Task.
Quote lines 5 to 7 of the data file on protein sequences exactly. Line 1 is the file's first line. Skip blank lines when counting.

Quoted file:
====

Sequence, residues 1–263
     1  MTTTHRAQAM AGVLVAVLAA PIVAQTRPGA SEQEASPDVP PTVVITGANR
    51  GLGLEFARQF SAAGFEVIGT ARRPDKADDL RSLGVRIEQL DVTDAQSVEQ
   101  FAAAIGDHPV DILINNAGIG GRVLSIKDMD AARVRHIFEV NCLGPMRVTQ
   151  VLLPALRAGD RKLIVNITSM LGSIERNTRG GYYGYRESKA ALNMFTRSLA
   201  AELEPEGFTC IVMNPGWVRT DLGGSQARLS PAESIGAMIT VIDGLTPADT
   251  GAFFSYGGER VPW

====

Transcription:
   151  VLLPALRAGD RKLIVNITSM LGSIERNTRG GYYGYRESKA ALNMFTRSLA
   201  AELEPEGFTC IVMNPGWVRT DLGGSQARLS PAESIGAMIT VIDGLTPADT
   251  GAFFSYGGER VPW